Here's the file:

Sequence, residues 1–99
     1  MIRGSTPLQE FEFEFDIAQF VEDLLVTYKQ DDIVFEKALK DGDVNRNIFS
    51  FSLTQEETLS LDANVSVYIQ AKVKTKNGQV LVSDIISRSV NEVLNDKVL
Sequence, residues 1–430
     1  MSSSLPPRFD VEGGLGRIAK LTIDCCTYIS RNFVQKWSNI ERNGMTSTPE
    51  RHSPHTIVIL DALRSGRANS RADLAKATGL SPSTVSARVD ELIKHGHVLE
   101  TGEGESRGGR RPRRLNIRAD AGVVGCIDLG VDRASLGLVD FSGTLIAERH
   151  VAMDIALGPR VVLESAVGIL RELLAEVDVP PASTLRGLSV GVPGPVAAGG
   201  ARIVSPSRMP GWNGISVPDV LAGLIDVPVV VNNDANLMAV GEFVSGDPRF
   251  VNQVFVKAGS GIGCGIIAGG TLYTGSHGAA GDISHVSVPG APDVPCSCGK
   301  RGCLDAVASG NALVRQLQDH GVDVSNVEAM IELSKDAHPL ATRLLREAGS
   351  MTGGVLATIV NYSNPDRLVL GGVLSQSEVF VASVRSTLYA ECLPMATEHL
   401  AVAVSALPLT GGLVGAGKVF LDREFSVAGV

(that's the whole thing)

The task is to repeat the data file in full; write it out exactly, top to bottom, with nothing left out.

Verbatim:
Sequence, residues 1–99
     1  MIRGSTPLQE FEFEFDIAQF VEDLLVTYKQ DDIVFEKALK DGDVNRNIFS
    51  FSLTQEETLS LDANVSVYIQ AKVKTKNGQV LVSDIISRSV NEVLNDKVL
Sequence, residues 1–430
     1  MSSSLPPRFD VEGGLGRIAK LTIDCCTYIS RNFVQKWSNI ERNGMTSTPE
    51  RHSPHTIVIL DALRSGRANS RADLAKATGL SPSTVSARVD ELIKHGHVLE
   101  TGEGESRGGR RPRRLNIRAD AGVVGCIDLG VDRASLGLVD FSGTLIAERH
   151  VAMDIALGPR VVLESAVGIL RELLAEVDVP PASTLRGLSV GVPGPVAAGG
   201  ARIVSPSRMP GWNGISVPDV LAGLIDVPVV VNNDANLMAV GEFVSGDPRF
   251  VNQVFVKAGS GIGCGIIAGG TLYTGSHGAA GDISHVSVPG APDVPCSCGK
   301  RGCLDAVASG NALVRQLQDH GVDVSNVEAM IELSKDAHPL ATRLLREAGS
   351  MTGGVLATIV NYSNPDRLVL GGVLSQSEVF VASVRSTLYA ECLPMATEHL
   401  AVAVSALPLT GGLVGAGKVF LDREFSVAGV